*Be sure to check the end of this post for news about upcoming events! NANOWRIMO starts 11/1!
We had an unexpected lesson in the science of color and lighting this past week. Donald graciously used most of his vacation week to paint our kitchen and dining room, and it was one of those snowball projects. We were going from a deep, warm red to a nice mellow Behr color called “Bagel”– a warm golden yellow.
Five gallons of paint of paint and six days after we started taping, the project seems to be all done except for untaping and putting everything back in. However, we had a most interesting science lesson along the way. I enjoy choosing paint colors, and can usually visualize exactly what the color will look like on the wall. This time, by day two of painting, I was getting worried. The nice mellow color on the chip was glowing a rather violent orange hue on the wall. It looked dreadful– but not all the time. There were a couple of times when I looked at it and it was perfect! Continue reading
I love Monday– it’s my favorite day of the week!
From the pinnacle of Monday morning, there stretches before me a string of four perfect days at home. From now until Friday, I’m able to focus on home and to be with my family, doing the ordinary tasks of home life– setting the house in order, working on home and garden projects, making meals to nourish my loved ones, writing to communicate with others. This is my life, and I love it.
It’s not an accident that I enjoy four unblemished days each week. It began years ago when our children were small and I discovered that life went more smoothly when we organized our time. The most important things in our lives happened at home, so we made it a point to designate only one day of the week for errands. This left four uncluttered days for living, one day of the weekend for fellowship, and one day of the weekend for projects or family pursuits. Continue reading
When I sent out last month’s newsletter, I fully expected to have my workshop, Teaching Language Arts the Easy, Natural Way, up by the end of the week. I didn’t count on having to move my website and fix all sorts of interesting technical difficulties!
The exciting part of all this is that you can get the audio workshop free when you purchase Lynda Coats’ wonderful phonics curriculum, All the Letters, All Year Long. Lynda is the author of the Far Above Rubies and Blessed is the Man unit studies, and she’s really hit a home run with her new phonics program. It’s unique, comprehensive, and amazingly affordable! There are several great reviews at Lynda’s website– be sure to read them!
So why am I offering the Teaching Language Arts workshop free with Lynda’s book? It’s because a group of the Coats’ friends have gathered together to create an amazing group of bonus gifts (over $100 worth!) in order to benefit Lauren and Lynda. You see, Lynda’s dear husband, Lauren, has been diagnosed with inoperable cancer. He is home from the hospital, under the care of hospice, but as in any situation like this, medical bills continue to mount. Continue reading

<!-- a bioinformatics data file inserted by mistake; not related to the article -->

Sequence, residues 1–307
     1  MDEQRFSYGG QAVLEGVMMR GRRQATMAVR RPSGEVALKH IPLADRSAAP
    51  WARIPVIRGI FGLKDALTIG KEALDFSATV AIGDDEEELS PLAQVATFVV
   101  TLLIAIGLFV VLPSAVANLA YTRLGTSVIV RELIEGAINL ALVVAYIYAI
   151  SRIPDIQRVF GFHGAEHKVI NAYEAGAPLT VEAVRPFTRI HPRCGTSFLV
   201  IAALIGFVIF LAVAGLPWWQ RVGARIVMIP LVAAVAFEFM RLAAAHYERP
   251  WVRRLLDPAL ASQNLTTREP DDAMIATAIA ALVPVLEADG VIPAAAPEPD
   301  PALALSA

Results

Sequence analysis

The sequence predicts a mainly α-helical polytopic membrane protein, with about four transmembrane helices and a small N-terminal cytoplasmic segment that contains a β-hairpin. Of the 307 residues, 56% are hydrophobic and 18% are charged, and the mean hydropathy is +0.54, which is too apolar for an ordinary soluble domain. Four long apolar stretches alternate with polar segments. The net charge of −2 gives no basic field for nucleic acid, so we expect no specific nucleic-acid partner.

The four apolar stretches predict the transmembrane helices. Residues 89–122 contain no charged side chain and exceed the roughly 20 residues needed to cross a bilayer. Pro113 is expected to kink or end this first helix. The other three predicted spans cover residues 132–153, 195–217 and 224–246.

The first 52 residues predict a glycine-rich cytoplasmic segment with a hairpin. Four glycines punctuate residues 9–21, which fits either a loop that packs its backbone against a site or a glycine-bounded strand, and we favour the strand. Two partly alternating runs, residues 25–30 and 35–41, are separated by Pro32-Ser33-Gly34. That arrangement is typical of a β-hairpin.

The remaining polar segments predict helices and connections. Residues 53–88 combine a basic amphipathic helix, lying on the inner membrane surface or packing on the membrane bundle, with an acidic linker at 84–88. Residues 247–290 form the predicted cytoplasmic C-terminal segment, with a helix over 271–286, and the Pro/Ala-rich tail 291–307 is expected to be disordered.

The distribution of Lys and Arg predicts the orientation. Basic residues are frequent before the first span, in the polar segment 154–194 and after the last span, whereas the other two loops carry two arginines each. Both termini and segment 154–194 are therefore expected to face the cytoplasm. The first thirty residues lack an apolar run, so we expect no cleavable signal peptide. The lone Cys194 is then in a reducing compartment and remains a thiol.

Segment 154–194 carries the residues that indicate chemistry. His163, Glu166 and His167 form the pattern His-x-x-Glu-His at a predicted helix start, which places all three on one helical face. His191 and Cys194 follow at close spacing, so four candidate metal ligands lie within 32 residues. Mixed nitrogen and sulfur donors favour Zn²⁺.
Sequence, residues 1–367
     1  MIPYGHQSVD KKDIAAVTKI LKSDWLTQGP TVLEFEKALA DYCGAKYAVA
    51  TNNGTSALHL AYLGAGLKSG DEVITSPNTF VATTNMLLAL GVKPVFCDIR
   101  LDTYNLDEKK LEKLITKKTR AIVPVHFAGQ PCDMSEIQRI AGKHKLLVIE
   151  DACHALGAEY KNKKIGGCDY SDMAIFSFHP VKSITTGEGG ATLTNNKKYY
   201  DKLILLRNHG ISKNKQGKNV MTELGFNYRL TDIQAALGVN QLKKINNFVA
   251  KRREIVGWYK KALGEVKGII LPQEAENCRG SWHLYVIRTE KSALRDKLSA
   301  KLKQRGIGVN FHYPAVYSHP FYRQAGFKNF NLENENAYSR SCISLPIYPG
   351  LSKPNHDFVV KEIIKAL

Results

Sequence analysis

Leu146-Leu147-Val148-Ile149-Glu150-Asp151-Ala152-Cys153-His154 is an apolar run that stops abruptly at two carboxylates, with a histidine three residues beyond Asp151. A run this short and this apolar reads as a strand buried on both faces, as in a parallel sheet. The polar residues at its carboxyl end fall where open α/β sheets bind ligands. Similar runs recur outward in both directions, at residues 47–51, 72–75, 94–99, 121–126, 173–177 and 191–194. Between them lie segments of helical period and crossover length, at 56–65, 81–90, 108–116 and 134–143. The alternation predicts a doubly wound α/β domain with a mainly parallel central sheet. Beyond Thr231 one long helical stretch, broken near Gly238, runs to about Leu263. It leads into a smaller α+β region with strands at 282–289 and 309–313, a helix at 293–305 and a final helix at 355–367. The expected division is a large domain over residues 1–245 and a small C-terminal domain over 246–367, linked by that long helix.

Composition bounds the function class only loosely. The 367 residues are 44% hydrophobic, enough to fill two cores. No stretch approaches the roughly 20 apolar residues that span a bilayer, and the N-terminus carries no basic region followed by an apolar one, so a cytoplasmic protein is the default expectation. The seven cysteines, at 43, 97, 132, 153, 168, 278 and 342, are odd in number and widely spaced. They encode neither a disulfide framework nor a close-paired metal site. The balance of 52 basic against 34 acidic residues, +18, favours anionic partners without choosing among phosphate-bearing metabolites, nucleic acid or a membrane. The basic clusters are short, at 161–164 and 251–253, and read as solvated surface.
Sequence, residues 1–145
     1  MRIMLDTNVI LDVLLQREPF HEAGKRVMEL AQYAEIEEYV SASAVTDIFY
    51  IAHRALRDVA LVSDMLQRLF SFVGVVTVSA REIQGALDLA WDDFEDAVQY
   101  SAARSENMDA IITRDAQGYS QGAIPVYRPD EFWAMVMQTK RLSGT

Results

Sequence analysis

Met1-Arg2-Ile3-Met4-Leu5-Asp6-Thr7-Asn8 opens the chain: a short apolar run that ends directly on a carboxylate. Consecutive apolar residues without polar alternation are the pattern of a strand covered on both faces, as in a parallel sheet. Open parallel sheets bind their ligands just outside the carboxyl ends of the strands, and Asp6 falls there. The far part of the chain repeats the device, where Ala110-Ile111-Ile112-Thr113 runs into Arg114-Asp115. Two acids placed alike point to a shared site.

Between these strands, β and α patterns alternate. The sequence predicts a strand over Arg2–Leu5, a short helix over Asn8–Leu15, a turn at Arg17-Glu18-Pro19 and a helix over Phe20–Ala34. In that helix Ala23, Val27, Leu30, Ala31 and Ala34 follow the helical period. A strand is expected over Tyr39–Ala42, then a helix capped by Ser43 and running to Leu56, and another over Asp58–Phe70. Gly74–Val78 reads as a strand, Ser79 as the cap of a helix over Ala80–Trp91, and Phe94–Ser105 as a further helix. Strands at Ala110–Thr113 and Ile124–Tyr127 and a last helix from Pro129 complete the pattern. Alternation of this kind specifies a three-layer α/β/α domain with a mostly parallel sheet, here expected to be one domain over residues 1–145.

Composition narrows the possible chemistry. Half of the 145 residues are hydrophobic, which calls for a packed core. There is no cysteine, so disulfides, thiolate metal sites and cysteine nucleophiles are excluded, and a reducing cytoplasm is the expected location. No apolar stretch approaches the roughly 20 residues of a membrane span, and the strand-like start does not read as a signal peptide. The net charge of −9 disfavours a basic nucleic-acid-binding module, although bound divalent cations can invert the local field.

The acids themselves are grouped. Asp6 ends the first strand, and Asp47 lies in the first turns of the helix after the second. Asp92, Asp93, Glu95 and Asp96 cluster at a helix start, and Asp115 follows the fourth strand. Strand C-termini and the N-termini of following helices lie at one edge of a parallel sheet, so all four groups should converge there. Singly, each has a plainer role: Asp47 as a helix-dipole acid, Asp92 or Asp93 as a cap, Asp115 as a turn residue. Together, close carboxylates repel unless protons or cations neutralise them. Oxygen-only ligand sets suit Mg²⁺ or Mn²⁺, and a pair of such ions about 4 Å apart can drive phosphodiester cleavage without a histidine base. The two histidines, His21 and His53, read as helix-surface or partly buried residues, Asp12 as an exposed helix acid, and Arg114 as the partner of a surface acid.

As parent-teachers, we’ve all seen boring writing assignments– a grammatically-correct report that simply paraphrases an encyclopedia entry or a five-paragraph essay that piles one trite cliche on another, and concludes without a glimmer of an original thought. If you’re anything like me, you may even remember writing a few of those! The cause of such frightful compositions usually lies in an inadequate reading foundation (input) or in a poorly-thought-out writing assignment.*
I’ll write about how to remedy the causes another time, but today, I’d like to discuss how to evaluate this kind of writing. To a parent, perfectly parsed piffle often poses a dilemma. If there are no obvious mechanical errors (spelling, punctuation, grammar, word usage), does the student’s work deserve an ‘A’? How do you grade a paper for shallow content and lack of originality– and should you even do so? Continue reading
Did you see Jeff Opdyke’s column on homework in Sunday’s Wall Street Journal (How Homework Is Hurting Our Family, September 30, 2007)? It was heartbreaking. He vividly described how their family life is “a constant, stress laden stream of homework and tests and projects [that] overshadows everything we do, always hanging over our head… [affecting] our weekends, our meals, our vacations, our work time, our playtime, our pocketbooks.”
Is this crazy, or what? Opdyke goes on to describe how homework stress affects each one in the family, short-circuiting tempers, straining schedules, and causing his wife Amy to feel like the “worst mom in the world.” He has talked to other parents who have ended up with kids on anxiety medications in order to cope with the stress. His own son is showing signs of intense stress– sleeplessness, anxiety, forgetfulness under pressure, and distress over less than outstanding grades.
Frankly, this sounds like a new wrinkle in the enabling syndrome. Middle-class parents enable schools to not only institutionalize their children for the majority of their waking hours, but also to consume the remaining hours of family time– all in the name of potential future success. Think about it– it hasn’t always been this way. Continue reading